Murdock was born in Garnavillo, IA, to Judge Samuel and Louise (Patch) Murdock. She was educated at Evanston College for Women, Fayette College in IA, the University of Wisconsin (1868-1869), and the Boston University School of Oratory and Literature (1875). She taught school in Dubuque, IA and Omaha, NE.
In 1882, Murdock entered Meadville Theological School, which trained men and women for the Unitarian ministry and received her Bachelor of Divinity in 1887. She is said to be the first woman to receive this degree. After her graduation, she was ordained in Humboldt IA, and served Unitarian churches there and in Kalamazoo MI, where she met Buck. Both returned briefly to Meadville. Buck to begin her studies for the ministry while Murdock did post-graduate work. They then spent a semester at Manchester College, Oxford University.
On September 4, 1893, Murdock and Buck were installed as co-pastors of the Unity Chapel. Murdock had given a guest sermon there in June, 1887, getting good reviews in the Cleveland Plain Dealer (PLAIN DEALER). Their installation attracted a large crowd to observe this unique event. Two weeks later, Murdock addressed the World’s Parliament of Religions in Chicago on “A New Testament Woman,” arguing that women had the right to become ministers.
Although women filled the pews of Protestant churches, they did not fill the pulpits. When Murdock and Buck took charge of Unity Chapel, only a handful of women had been ordained and only by the most liberal Protestant denominations. Most famously, Antoinette Brown Blackwell by the Congregationalists, Anna Howard Shaw by the Methodist Episcopal Church, and Olympia Brown by the Universalists.
Murdock and Buck shared the multiple responsibilities of their congregation. Both went on pastoral calls to parishioners and managed the church’s financial affairs. They preached on alternate Sundays, but both were on the altar at every service. Their sermon topics were advertised in the Cleveland Plain Dealer.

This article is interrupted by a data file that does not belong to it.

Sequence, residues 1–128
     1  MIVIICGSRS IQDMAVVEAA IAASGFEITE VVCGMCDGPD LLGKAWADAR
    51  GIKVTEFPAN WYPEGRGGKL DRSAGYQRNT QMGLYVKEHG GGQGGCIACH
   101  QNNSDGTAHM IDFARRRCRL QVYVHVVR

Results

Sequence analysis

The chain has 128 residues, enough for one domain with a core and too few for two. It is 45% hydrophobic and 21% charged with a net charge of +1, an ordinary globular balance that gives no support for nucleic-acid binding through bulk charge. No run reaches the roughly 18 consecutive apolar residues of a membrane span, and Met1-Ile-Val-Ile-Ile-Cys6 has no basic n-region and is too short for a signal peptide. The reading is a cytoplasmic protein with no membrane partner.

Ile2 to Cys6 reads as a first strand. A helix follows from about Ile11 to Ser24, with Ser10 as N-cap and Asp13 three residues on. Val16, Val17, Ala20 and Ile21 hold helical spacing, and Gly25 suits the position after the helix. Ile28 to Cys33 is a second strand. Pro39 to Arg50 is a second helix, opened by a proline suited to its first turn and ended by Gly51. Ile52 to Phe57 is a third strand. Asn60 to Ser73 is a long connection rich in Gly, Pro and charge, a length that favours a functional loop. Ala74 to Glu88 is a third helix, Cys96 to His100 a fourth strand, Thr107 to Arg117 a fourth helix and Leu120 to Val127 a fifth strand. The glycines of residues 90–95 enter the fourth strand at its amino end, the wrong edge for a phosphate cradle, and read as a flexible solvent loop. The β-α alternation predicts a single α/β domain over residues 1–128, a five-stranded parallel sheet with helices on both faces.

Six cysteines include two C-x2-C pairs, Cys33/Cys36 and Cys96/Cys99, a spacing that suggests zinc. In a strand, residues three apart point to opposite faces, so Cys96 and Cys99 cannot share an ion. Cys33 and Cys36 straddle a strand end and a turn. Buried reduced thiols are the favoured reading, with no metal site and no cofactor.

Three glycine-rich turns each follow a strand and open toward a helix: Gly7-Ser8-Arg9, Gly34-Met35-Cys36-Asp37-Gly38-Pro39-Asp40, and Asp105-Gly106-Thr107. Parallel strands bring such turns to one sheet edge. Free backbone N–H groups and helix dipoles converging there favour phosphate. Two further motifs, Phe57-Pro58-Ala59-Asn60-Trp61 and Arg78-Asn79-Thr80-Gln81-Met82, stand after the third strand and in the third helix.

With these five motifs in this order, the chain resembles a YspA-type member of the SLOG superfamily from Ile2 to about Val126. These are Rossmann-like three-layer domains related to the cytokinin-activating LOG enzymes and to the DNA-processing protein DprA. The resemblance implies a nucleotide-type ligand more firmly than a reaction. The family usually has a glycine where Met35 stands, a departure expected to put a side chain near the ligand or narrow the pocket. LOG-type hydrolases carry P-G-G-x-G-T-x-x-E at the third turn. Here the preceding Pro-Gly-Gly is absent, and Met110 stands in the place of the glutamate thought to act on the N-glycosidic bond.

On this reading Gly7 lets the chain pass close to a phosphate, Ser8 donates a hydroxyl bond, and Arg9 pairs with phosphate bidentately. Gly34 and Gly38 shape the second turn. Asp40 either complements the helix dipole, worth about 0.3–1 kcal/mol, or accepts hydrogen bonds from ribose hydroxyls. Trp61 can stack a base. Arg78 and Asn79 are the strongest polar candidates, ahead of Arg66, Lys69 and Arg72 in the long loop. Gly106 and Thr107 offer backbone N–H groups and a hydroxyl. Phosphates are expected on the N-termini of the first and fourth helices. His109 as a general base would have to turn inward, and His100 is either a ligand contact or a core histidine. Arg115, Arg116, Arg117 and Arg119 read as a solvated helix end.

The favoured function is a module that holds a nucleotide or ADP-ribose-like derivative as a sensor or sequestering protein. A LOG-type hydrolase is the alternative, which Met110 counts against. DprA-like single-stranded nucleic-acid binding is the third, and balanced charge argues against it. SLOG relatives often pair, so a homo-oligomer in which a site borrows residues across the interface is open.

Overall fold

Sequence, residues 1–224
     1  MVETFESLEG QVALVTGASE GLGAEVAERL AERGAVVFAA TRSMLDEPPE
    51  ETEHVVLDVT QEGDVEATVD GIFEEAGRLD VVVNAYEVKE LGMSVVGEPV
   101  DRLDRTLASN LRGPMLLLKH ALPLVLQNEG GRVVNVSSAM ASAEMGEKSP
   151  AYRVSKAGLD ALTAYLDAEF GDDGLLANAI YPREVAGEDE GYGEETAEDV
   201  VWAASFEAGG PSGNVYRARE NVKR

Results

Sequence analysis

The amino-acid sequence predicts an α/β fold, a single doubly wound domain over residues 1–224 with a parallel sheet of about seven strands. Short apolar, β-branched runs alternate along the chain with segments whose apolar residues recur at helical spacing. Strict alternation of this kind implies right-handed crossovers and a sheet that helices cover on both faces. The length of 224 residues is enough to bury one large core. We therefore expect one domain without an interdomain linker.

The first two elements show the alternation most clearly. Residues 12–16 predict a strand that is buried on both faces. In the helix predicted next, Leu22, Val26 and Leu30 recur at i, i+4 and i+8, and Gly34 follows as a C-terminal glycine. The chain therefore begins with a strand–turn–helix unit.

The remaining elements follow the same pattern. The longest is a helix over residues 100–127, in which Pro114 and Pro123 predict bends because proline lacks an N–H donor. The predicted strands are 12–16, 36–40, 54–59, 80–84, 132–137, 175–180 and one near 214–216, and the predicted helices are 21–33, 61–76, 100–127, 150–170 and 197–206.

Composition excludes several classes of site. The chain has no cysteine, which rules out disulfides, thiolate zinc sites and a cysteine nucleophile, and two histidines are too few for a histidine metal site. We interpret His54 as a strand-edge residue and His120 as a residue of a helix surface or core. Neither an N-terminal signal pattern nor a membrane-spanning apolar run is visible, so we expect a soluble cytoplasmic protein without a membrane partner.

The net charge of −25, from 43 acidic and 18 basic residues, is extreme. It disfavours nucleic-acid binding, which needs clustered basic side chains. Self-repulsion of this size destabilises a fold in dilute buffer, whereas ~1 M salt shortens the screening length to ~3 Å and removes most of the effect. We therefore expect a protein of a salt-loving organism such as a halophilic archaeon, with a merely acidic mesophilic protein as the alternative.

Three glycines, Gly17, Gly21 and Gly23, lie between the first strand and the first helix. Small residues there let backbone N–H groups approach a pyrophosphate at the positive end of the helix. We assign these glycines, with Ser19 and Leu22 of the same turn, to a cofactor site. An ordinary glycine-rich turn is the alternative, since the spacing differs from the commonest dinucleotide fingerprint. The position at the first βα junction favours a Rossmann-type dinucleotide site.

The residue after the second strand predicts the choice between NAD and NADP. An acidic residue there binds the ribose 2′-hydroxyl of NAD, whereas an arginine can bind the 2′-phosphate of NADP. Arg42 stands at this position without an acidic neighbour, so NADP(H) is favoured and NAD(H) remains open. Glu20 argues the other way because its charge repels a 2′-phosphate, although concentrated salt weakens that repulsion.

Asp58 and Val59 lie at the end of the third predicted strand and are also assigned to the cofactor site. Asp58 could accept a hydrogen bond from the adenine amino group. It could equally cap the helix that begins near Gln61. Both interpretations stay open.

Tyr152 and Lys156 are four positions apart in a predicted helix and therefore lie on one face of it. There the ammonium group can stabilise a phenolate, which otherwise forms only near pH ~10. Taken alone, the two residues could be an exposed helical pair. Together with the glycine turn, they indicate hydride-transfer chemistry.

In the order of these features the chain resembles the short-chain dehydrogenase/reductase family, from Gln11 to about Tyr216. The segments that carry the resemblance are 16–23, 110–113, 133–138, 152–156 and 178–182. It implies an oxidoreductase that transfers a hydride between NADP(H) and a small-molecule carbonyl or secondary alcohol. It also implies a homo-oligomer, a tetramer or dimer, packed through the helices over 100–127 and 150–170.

Their Unitarian congregation identified itself as “liberal,” referring to its belief that reason and human experience, rather than the Bible or an established religious hierarchy, should be the primary authority in matters of faith. In 1896, the Cleveland Plain Dealer wrote approvingly of the two ministers’ dignified clothing in the pulpit – black silk gowns with white linen cuffs - and their conscientious pursuit of their pastoral duties. But the women raised eyebrows when they held joint Thanksgiving services with the Reform Jewish congregation, TEMPLE TIFERETH ISRAEL led by Rabbi MOSES J. GRIES, and the local Universalist church.
Inspired by the Social Gospel, Unity Chapel served its neighbors’ secular as well as spiritual needs. Well prepared by their professional training as teachers, the women established a free kindergarten nearby and clubs for boys and girls, as well as Sunday School classes, at the church.
Both women were active in the suffrage movement. Murdock spoke at the 1894 convention of the National American Woman Suffrage Association.
Murdock and Buck resigned from Unity Chapel in 1899 to study in Italy and Germany. Murdock then served a congregation in Geneva, IL, until her retirement in 1906. She and Buck moved to California in 1911 and then to Boston in 1912, where Buck became associate director of the Department of Religious Education of the American Unitarian Association. After Buck’s death in 1925, Murdock returned to California. She died in Santa Monica. Her publications included The Hermit Thrush and Other Verses.
Cynthia Grant Tucker. Prophetic Sisters: Liberal Women Ministers of the Frontier, 1880-1930 (Boston: Beacon Press, 1990).
Morton, Marian. Women in Cleveland: An Illustrated History (1995).